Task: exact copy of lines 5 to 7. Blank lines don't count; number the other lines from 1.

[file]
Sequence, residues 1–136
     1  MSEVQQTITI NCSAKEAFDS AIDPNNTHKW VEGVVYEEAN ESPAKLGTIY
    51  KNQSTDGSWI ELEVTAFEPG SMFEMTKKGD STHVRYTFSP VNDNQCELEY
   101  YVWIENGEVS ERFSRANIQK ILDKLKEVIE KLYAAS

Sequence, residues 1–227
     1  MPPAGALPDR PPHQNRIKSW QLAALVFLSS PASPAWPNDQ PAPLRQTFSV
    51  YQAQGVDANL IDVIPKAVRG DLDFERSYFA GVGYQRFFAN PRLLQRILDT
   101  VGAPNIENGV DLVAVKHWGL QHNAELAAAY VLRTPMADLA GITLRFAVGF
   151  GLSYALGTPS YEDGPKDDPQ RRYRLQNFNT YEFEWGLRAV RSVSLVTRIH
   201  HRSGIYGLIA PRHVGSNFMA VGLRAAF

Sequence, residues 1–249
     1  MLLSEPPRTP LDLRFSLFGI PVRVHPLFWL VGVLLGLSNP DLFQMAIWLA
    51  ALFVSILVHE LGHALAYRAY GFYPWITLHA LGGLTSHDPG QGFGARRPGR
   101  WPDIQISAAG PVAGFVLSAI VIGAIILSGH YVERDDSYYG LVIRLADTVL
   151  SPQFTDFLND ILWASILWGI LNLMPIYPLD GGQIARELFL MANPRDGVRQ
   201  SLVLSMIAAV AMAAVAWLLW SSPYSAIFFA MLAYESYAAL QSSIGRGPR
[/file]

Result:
Sequence, residues 1–227
     1  MPPAGALPDR PPHQNRIKSW QLAALVFLSS PASPAWPNDQ PAPLRQTFSV
    51  YQAQGVDANL IDVIPKAVRG DLDFERSYFA GVGYQRFFAN PRLLQRILDT